6. Sully

    Sully Registered Member

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    Yep, muddy is a good term to use.

    I haven't tried on 7 yet, but was never able to get a little tool to work that would eradicate this problem programatically. Maybe I will take a stab at it with win7, but I fear the undocumented features I was searching for in XP are still just as undocumented. Pity really, it would have changed the world, and probably eliminated global warming :D (or at the very least kept you from having to do it manually, which is always my goal).

    Sul.
     
  7. m00nbl00d

    m00nbl00d Registered Member

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    Quite similar to what I have. I just have it a little more restricted. Even to get in my Downloads folder (I have one other, rather than Windows default one), things need my permission.

    By the way, one thing regarding ACLs.

    Obviously, you can remove permissions from a user(s) to a specific folder, like in this case, by selecting the opposite option DENY, in case the permissions are being inherited by the principal of the object.

    But, by removing the inheritance, the folder - whatever that may be - will lose the permissions that were inherited. Then, rather just selecting the opposite option (DENY), one could just select what to be allowed. Creating a white list of what objects within this folder could actually do.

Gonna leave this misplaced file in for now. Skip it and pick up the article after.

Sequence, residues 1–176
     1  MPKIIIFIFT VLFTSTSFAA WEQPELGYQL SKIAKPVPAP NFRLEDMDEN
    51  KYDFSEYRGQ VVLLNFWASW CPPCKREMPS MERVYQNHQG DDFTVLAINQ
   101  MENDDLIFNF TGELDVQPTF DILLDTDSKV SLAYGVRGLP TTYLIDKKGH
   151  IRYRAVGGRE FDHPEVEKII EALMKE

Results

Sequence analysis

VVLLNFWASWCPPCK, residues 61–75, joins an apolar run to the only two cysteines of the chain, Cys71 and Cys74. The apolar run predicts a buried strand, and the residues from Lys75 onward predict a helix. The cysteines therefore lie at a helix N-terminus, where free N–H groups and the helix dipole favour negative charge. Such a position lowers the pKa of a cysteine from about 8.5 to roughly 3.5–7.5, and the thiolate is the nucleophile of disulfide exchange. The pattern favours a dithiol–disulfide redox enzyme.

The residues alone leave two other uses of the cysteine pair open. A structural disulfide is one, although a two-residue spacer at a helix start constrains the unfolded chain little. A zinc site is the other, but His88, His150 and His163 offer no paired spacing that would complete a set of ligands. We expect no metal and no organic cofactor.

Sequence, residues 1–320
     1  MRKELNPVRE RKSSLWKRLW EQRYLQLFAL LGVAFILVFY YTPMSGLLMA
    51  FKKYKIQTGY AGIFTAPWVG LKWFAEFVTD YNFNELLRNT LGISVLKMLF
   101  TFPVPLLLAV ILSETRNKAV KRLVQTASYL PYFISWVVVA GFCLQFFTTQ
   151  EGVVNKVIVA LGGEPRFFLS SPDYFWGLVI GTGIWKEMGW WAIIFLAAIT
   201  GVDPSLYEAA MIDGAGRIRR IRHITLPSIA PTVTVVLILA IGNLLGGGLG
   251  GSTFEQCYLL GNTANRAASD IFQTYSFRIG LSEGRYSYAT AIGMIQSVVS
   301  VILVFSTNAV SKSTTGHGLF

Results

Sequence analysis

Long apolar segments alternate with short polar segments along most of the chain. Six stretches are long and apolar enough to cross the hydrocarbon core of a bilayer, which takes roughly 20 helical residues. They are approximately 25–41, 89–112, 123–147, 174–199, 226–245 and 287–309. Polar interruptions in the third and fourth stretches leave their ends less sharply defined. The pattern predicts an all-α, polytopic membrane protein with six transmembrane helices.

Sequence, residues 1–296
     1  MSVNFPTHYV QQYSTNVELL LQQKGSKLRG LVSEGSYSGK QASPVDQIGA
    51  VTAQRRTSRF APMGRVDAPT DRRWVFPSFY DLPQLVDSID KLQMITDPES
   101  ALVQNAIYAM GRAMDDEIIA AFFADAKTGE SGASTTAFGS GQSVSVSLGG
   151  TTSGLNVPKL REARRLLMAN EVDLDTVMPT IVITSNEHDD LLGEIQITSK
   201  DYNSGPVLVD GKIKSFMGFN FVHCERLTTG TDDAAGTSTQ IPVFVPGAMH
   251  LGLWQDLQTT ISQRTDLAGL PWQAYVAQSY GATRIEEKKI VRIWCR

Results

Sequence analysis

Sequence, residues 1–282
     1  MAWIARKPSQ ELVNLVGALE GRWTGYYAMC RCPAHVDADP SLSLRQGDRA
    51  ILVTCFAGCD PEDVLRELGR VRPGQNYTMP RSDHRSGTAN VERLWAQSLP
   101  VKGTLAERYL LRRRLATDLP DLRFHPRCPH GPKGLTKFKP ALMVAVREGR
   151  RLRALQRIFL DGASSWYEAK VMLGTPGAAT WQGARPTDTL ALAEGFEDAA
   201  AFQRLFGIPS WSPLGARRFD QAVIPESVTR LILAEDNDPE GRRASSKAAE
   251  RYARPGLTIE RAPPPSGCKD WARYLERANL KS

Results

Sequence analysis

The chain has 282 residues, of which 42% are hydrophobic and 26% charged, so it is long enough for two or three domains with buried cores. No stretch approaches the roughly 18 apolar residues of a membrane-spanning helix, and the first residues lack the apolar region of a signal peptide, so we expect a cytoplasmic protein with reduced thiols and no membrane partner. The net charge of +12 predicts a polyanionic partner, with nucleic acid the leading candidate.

Would this be a simpler approach?

    For example:

    1. Take in consideration a LUA (Least-privileged User Account).

    Any object created within this type of account will inherit its permissions; what they do in the LUA (What the LUA allows them to do.).

    2. Considering the folder "Downloads".

    When we create a new folder, for example, and this case, the folder "Downloads", it will inherit LUA permissions.
    If we remove the selection from the "Include inheritable permissions from the principal of the object", then that folder will no longer inherit the LUA permissions. You may then only select what you wish to allow. Obviously, that means that everything else will be denied. But, instead of selecting the opposite option DENY, you'd be choosing ALLOW whatever you wish to allow. (Similar to SRP and AppLocker, if we think of it. SRP and AppLocker allow blacklist also.)

    By not inheriting the permissions from LUA (what the objects can do in a LUA environment) whatever is placed inside this "Downloads" folder has less rights than what is, for example, within "Program Files". Of course, you need to choose what not to ALLOW.

    As I said, one can just select the opposite option DENY. But, for what I've read some time ago, despite the fact most times DENY does take precedence over an ALLOW, it's not always like that.

    I'm not an expert in what comes to ACLs - I know enough, but always learning and digging - but this seems to work for me. Even changing the Owner of the object to an Admin, restricts changes to the permissions.